Saturday, April 11, 2009

Thought for the Day no 5

Jim Henderson writes Against the Tide and has a piece on ‘Antiquated Ideas’ (11 April).

I thought this was good enough for a post on Lost Legacy under the Thought for the Day series:

It is not only the Federal Government that pursues fallacious economic ideas. It happens at the local level as well. Witness Florida where a policy called "backyard economics" is being advocated. This policy suggests that buying local, from Florida businesses, is better for the Florida economy than buying elsewhere. This ignores the fact that each consumer who pays more for local goods has less to spend on other goods in the local economy. Buying some goods for a lower price elsewhere leaves more of the household budget for local purchases. On the other hand, supporting local merchants who charge higher prices subsidizes local inefficiencies; presumably some businesses should become more efficient or shut down because their goods can be produced more economically elsewhere. The ultimate result of buying locally would be for each household to produce as much of their own needs themselves, but that went out with the advent of the "division of labor" (thank you Adam Smith). The bottom line is that "backyard economics" is just so many antiquated ideas and Floridians (as well as the rest of us) deserve better.

Excellent thinking.

To which I would add: what about localities already deep in poverty because there is not enough exchangeable goods and services around to circulate among people in exchange for what they may be able to produce locally?

If Locality A has some olive groves, which produce more olive oil than the locality can use, and they cannot take their surplus to a nearby village, or distant town, short of olive oil (or none at all) in Locality B, but has an annual supply of oranges, including a surplus of them, it defies common sense – and the facts of life of human nature, that rather than live under the tyranny of the local olive monopoly, or its equivalent local orange cartel (for be sure, to prevent exchange this is precisely what would be needed by those wedded to the stupid ‘buy local tyranny’), some individuals would find ways to smuggle their olive oil for oranges, whatever the local dictators try to impose.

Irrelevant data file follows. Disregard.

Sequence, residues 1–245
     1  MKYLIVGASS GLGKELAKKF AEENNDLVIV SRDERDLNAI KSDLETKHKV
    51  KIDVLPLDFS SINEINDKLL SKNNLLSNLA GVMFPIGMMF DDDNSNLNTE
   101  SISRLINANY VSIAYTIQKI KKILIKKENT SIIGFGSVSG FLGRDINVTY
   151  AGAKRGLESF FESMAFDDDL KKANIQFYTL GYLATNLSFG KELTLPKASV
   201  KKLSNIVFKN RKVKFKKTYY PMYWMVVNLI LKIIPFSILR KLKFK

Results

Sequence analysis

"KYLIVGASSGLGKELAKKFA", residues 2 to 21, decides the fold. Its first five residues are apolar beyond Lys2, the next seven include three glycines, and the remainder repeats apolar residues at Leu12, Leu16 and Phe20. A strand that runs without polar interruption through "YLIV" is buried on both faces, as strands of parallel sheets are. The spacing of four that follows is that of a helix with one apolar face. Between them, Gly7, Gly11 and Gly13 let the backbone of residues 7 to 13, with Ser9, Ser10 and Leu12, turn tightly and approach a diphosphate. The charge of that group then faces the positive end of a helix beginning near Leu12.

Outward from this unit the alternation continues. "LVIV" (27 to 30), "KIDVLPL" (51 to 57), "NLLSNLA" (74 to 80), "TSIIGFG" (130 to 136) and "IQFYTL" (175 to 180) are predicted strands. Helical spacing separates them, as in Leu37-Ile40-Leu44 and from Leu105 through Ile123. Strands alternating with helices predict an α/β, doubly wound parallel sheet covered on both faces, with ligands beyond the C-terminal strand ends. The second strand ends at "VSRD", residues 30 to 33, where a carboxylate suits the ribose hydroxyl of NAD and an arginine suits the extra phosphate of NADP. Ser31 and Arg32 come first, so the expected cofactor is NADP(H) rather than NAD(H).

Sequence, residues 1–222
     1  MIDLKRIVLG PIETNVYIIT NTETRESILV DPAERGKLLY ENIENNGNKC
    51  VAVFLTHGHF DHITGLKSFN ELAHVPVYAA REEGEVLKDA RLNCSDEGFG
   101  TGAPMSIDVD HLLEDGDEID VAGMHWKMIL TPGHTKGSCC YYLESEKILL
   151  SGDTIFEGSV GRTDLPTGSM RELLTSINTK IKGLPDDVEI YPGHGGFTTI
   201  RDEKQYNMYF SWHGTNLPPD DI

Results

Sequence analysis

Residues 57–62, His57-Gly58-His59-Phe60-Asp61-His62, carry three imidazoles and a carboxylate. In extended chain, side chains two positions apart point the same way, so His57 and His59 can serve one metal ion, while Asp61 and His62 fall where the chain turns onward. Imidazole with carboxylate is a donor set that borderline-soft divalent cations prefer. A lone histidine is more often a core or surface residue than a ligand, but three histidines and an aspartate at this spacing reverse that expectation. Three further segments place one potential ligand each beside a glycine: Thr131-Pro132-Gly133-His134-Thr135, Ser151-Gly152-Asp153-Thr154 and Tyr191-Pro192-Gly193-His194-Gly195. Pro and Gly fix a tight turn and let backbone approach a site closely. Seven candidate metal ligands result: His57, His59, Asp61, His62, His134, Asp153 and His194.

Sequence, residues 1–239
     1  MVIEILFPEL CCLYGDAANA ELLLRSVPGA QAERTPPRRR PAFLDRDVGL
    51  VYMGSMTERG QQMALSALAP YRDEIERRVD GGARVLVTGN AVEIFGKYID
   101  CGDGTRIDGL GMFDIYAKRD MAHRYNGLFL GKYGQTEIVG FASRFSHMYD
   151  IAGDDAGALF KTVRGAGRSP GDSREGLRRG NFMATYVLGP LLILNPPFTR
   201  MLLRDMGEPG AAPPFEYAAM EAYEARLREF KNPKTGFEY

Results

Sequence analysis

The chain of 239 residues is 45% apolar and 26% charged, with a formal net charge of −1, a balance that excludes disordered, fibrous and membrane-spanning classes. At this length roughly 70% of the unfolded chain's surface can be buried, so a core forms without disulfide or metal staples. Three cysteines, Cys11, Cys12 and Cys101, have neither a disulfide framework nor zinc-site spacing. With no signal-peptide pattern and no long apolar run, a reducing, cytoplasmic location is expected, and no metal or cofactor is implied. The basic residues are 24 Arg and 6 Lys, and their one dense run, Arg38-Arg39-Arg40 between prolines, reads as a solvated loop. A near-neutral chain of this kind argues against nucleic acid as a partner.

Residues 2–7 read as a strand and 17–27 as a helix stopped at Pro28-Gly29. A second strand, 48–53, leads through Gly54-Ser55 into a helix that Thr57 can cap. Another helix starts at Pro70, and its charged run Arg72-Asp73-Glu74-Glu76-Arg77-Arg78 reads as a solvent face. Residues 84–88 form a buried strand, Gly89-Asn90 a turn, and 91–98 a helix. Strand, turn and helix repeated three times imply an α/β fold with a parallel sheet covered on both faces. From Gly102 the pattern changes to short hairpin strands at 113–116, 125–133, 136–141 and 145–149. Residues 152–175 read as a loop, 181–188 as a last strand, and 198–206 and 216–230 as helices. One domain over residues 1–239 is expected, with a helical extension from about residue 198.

This is apart from the enormous task awaiting its proponents who want to undo the myriad exchange links among human societies across the globe. It is not beyond the wit of idiotic governments, and those who influence them, to achieve a break up of the robust networks of exchange relationships – some unhappy examples from history are there to be studied.

Moreover, pre-history shows that our early predecessors traded certain products found in nature over great distances. Look up the history of the movement of supplies of obsidian across Europe when our ancestors were hunter-gatherers living in the stone-age and the movement of artifacts like the figurines. You’ll get a glimpse of from where we came from to where we are now.

Jim Henderson writes good sense and you can find out more by visiting his blog, Against the Tide HERE.


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